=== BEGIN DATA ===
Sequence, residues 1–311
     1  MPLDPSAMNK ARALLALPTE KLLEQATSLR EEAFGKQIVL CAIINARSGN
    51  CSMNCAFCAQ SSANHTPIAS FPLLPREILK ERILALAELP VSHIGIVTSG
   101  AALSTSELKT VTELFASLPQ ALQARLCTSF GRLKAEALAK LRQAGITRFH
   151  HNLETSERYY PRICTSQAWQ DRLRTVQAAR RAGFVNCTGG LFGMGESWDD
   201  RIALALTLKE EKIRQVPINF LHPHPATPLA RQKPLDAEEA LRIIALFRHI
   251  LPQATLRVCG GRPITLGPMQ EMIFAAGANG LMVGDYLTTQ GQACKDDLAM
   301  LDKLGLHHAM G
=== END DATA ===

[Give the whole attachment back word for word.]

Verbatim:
Sequence, residues 1–311
     1  MPLDPSAMNK ARALLALPTE KLLEQATSLR EEAFGKQIVL CAIINARSGN
    51  CSMNCAFCAQ SSANHTPIAS FPLLPREILK ERILALAELP VSHIGIVTSG
   101  AALSTSELKT VTELFASLPQ ALQARLCTSF GRLKAEALAK LRQAGITRFH
   151  HNLETSERYY PRICTSQAWQ DRLRTVQAAR RAGFVNCTGG LFGMGESWDD
   201  RIALALTLKE EKIRQVPINF LHPHPATPLA RQKPLDAEEA LRIIALFRHI
   251  LPQATLRVCG GRPITLGPMQ EMIFAAGANG LMVGDYLTTQ GQACKDDLAM
   301  LDKLGLHHAM G